FBI scores a couple of major wins against digital baddies

US law enforcement agency the FBI twice managed to trick criminals into using digital services it had access to.

Scott Bicheno

June 8, 2021

3 Min Read
data spy security hack

US law enforcement agency the FBI twice managed to trick criminals into using digital services it had access to.

In partnership with its counterpart in Australia, the Federal Bureau of Investigations created an app called ANOM, loaded it onto devices and then gave those devices to some gullible baddies, who went on to develop their nefarious schemes over the app. Then it was just a matter of logging the evidence and waiting for the right time to swoop.

“Today, Australia is a much safer country because of the extraordinary outcome under Operation Ironside,” said Australian Federal Police Commissioner Reece Kershaw. “It highlights how devastatingly-effective the AFP is when it works with local and global partners, and takes its fight against transnational organised crime offshore.

“ANOM was an influential encrypted communications app but there are even bigger encrypted platforms that are being used by transnational and serious organised criminals targeting Australia. They are almost certainly using those encrypted platforms to flood Australia with drugs, guns and undermine our economy by laundering billions of dollars of illicit profit.”

The clear inference is that the world would be a better place if security services could spy on everyone’s communications. Europol would like this too, having dined out on the consequences of hacking the EncroChat app last year. Just as it claimed credit for work done by the French that time, Europol has once more hung onto the coattails of this one, even rebranding it Operation Trojan Shield, for some reason.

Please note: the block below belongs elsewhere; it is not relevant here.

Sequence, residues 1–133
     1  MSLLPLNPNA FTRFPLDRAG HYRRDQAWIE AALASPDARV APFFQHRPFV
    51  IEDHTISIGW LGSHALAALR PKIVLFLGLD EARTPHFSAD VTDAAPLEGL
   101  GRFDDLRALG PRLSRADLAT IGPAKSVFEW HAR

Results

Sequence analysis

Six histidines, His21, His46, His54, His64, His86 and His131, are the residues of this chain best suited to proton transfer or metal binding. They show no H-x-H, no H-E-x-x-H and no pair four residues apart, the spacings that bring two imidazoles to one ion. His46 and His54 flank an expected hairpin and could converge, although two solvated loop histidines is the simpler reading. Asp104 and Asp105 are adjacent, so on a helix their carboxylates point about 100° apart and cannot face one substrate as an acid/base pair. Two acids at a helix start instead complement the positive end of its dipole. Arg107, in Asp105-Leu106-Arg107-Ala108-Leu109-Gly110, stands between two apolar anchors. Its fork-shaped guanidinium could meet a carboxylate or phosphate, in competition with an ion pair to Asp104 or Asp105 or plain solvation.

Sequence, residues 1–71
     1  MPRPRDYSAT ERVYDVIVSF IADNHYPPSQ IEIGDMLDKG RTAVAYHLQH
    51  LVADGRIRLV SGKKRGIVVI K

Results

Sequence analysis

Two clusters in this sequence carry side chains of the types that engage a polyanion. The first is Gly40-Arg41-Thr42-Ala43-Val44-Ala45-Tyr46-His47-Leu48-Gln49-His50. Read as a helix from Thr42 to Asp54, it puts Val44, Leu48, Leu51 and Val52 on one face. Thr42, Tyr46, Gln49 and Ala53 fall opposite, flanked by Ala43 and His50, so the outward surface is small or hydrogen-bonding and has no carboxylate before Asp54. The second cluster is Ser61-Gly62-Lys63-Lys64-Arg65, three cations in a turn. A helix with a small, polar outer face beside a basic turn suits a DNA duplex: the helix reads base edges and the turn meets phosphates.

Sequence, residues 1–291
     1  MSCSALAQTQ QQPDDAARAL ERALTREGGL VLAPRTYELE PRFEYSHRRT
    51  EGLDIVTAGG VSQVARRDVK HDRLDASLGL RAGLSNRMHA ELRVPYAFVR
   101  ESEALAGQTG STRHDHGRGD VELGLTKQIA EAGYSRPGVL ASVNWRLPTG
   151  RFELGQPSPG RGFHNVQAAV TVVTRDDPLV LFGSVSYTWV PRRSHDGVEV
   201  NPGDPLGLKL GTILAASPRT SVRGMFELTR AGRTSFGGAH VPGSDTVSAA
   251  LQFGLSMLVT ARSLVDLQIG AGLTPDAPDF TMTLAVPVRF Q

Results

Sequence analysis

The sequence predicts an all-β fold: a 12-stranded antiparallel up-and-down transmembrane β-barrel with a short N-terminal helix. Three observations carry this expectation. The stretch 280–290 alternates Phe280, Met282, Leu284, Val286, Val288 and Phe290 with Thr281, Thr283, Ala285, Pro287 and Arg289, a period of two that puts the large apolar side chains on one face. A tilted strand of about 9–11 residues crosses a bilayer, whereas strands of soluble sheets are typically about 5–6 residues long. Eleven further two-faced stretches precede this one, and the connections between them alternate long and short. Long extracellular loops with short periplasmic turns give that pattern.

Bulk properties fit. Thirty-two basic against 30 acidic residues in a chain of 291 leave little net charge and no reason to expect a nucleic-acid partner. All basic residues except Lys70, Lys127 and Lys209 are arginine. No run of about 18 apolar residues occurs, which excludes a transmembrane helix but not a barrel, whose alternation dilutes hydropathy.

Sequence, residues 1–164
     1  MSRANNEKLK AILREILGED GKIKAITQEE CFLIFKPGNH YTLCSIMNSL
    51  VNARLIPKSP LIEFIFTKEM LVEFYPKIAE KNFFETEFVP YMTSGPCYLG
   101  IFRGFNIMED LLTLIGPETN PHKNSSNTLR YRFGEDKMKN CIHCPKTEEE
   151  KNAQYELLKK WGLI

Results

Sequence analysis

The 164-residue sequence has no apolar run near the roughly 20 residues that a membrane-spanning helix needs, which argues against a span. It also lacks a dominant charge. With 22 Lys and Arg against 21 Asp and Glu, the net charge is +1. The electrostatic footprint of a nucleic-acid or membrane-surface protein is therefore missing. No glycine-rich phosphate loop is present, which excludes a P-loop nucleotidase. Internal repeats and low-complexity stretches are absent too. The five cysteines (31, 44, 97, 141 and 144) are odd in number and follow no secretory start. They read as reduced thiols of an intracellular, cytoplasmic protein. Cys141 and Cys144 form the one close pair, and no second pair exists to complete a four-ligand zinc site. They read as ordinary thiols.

“Europol coordinated the international law enforcement community, enriched the information picture and brought criminal intelligence into ongoing operations to target organised crime and drug trafficking organisations, wherever they are and however they choose to communicate,” insisted Europol’s Deputy Executive Director Jean-Philippe Lecouffe.

The whole thing seems to have mainly targeted drug dealers, with law enforcement agencies hilariously lamenting the malevolent effect of the illicit drug trade, which wouldn’t exist if drugs were legalized. On top of all the drugs they bagged, they also got hold of a bunch of cryptocurrency, which baddies presumably assume is a great way of laundering their ill-gotten gains.

One pro tip for them would appear to not use crypto accounts that the FBI has private key access to. Because that’s how it, in partnership with the US department of Justice, managed to retrieve the $2.3 million of bitcoin paid as a ransom to cyber criminals DarkSide following their ransomware extortion of US utility Colonial Pipeline.

“There is no place beyond the reach of the FBI to conceal illicit funds that will prevent us from imposing risk and consequences upon malicious cyber actors,” said FBI Deputy Director Paul Abbate. “We will continue to use all of our available resources and leverage our domestic and international partnerships to disrupt ransomware attacks and protect our private sector partners and the American public.”

While its good news that law enforcement agencies are raising their game in tackling digital criminals, each victory seems to strengthen calls for them to be given more power. It seems inevitable that soon everyone will have their electronic activities subjected to a level of surveillance we associated only with authoritarian countries like China until recently. That’s a heavy price to pay.

About the Author(s)

Scott Bicheno

As the Editorial Director of Telecoms.com, Scott oversees all editorial activity on the site and also manages the Telecoms.com Intelligence arm, which focuses on analysis and bespoke content.
Scott has been covering the mobile phone and broader technology industries for over ten years. Prior to Telecoms.com Scott was the primary smartphone specialist at industry analyst Strategy Analytics’. Before that Scott was a technology journalist, covering the PC and telecoms sectors from a business perspective.
Follow him @scottbicheno

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